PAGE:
A couple of weeks ago, the Senate Government Operations Committee approved S.15, a bill that would mandate mail-in ballots for November elections. On Wednesday, the panel was presented with an opportunity to make the mandate universal, applying to general elections, primaries, and Town Meeting Day.
(The only exception: Communities that hold actual town meetings would be exempt. Towns that use the Australian ballot for TMD questions would have to provide mail service to all voters.)
And the committee couldn’t back away fast enough. Members used every delaying tactic in the book, from straw-man punching to red herrings to gross exaggeration. It was so sad that the panel even balked at the last refuge of legislative delay, appointing a study committee!
Now, there was a bit of political gamesmanship involved on the part of Republican Sen. Corey Parent, who offered the amendment to S.15. If he was completely serious about the idea, he could have proposed it sooner. The deadline for policy bills to pass the Senate is this Friday, and it’s a stretch to think his amendment could get due consideration in Gov Ops and on the Senate floor.
But he did have a serious point, and I have to say I agree with him.
Finally, after five years, we have identified the point where Republicans (well, some of them at least) start feeling a sense of shame.
It took an invasion of the U.S. Capitol by a mob of agitated conspiracy theorists, egged on by our president, to make some Republicans realize that maybe things have gone too far. Notable among their number is a healthy serving of GOP elected officials, from Gov. Phil Scott to House Minority Leader Pattie McCoy to Sen. Corey Parent to former VTGOP executive director Jeffrey Bartley, and I apologize for anyone else I left out. You did the right thing.
It wasn’t anything new for Scott or many other Vermont Republicans, who have never approved of what the president was doing to the party they loved. But for most Republicans, the remorse was extremely belated. They didn’t draw the line at “rapists and murderers,” or “grab them by the pussy,” or his habit of hurling base insults at his political opponents, or the consistent groveling at the feet of Vladimir Putin, or a foreign policy that favored dictators and punished our longstanding allies, or hush money payments to a porn star, or Trump’s refusal to release his financials, or tearing refugee families apart at the border, or otherwise punitive immigration policies, or “good people on both sides,” or the Trump Foundation self-dealing, or the rank nepotism of his administration, or the shameless profiteering at taxpayer expense, or the disastrous response to Hurricane Maria, or his persistent efforts to bend the justice system to his will, or the efforts to get dirt on Joe Biden, or the commission of clearly impeachable offenses, or the revolving door of imcompetent sycophants and ideologues who populated his administration, or the catastophically bad response to Covid-19.
Nope, it took a direct invasion of the Capitol at the instigation of Donald Trump. So it turns out that Republicans aren’t quite completely shame-free after all. Good to know.
The image above says everything that needs to be said about the events of January 6. As former state representative and chief American History fanboy Dylan Giambatista pointed out on Twitter, the guy is carrying a Confederate battle flag past a portrait of Vermont’s own Justin Morrill, stalwart Republican member of Congress from Civil War days. It was an inadvertent middle finger aimed at anyone who has fought to preserve the union.
The latest financial filings from Republican Scott Milne and Democrat Molly Gray reveal two vastly different campaigns in scale, source of funding, organization and tactics.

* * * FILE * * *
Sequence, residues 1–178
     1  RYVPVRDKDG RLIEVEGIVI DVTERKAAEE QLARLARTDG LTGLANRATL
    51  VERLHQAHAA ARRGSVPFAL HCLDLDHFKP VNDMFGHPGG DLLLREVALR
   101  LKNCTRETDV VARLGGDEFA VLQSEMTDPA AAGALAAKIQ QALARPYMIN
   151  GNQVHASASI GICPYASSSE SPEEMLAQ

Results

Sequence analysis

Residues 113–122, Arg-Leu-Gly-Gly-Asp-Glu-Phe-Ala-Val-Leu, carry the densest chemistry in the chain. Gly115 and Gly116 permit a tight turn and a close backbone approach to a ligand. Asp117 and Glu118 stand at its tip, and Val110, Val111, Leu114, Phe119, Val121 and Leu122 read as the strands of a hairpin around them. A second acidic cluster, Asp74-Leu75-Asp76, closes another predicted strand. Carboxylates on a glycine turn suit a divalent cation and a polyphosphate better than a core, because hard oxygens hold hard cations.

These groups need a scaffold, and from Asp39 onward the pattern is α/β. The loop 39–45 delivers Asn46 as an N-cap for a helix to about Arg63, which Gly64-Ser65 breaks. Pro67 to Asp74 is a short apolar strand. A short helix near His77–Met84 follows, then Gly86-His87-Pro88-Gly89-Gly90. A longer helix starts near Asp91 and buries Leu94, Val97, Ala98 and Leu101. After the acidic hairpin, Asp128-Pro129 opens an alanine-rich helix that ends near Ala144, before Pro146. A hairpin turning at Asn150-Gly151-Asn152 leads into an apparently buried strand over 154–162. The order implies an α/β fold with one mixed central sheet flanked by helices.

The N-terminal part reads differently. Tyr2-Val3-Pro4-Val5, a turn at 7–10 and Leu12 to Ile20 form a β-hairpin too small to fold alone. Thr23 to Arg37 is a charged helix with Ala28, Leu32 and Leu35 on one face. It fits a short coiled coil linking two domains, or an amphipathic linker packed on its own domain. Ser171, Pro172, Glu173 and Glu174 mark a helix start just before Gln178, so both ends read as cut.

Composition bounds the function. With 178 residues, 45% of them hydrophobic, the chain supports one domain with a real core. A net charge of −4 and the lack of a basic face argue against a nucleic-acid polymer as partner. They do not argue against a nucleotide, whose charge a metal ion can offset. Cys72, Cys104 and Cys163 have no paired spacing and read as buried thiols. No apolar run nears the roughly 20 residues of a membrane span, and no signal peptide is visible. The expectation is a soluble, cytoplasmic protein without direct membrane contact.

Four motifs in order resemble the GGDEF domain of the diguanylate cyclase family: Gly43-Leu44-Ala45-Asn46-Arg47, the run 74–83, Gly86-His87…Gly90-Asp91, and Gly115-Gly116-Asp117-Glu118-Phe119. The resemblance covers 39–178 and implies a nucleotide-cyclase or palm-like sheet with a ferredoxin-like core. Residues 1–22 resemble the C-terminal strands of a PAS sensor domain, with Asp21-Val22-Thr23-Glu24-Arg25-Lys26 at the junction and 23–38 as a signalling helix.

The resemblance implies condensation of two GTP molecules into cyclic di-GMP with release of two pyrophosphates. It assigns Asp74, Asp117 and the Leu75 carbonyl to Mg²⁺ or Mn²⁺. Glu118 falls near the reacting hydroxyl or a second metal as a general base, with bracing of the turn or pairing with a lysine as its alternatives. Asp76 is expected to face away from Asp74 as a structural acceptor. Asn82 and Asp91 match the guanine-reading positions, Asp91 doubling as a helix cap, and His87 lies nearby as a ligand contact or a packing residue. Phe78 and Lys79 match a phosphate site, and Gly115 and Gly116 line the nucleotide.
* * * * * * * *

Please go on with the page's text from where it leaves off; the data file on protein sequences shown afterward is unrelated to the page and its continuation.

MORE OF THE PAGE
(I’ll be writing a separate post about the gubernatorial filings.)
Milne’s campaign has adopted what I call the Disembodied Head model, inspired by one of the great bits of political satire from my home state of Michigan. In 2006, Dick DeVos, scion of the Amway pyramid scheme multi-level marketing firm and husband of The Worst Education Secretary In History, decided to run for governor of Michigan. He dumped $36 million of his own wealth into the race… and (schadenfreude alert) got absolutely killed by Jennifer Granholm.
During the campaign, a delightfully snarky liberal created a website called “The Disembodied Head of Dick DeVos,” which is dormant but still extant. And more than a bit relevant, in our post-Citizens United era of fiscal oligarchy.
Extra bonus digression! DeVos’ father Richard was the co-founder of Amway. Dick ran the company after Dad’s retirement. Dick’s major accomplishment was to take Amway international. At that point Amway had pretty much tapped out the domestic market for Raising False Hopes Through Scammery, Dickie found rich fields of suckers in developing countries like Russia and China, where hardworking but financially naive people were desperate to climb the ladder of success. (The DeVos clan also owns the Orlando Magic, one of the worst franchises in the NBA.)
Scott MIlne is a multimillionaire, but a pauper by DeVos standards. Milne’s campaign is pocket fluff compared to DeVos’, but it’s the same basic structure: Largely self-funded, spending the bulk of its money on paid media with little to no grassroots organization.
Gray, on the other hand, has spent much less on TV and much more on staff, travel and events. She’s actually built an organization, how about that.
She also continues to fundraise far more impressively than Milne.
Early contender for Best Inadvertent Laugh Line, 2020 General Election Edition, comes to us from Sen. Corey Parent, who’s got such a tough re-election fight on his hands that he’s devoting his spare time to managing Scott Milne’s bid for Lite-Guv. Fortunately for him, VTDigger has no laugh track, so the line is presented as if it were… serious:
Parent also said Milne “has always run campaigns based strictly on the issues.”
Corey’s a seasoned pro at this point, so it’s not too surprising that he managed to get through that line without breaking character. But still, congrats on a job well done.
Truth is, Milne is about the most issue-free major party candidate in recent memory. His two previous runs for office have featured a lot of snark, plenty of criticism for the incumbent, and virtually no actual positions or proposals on the issues.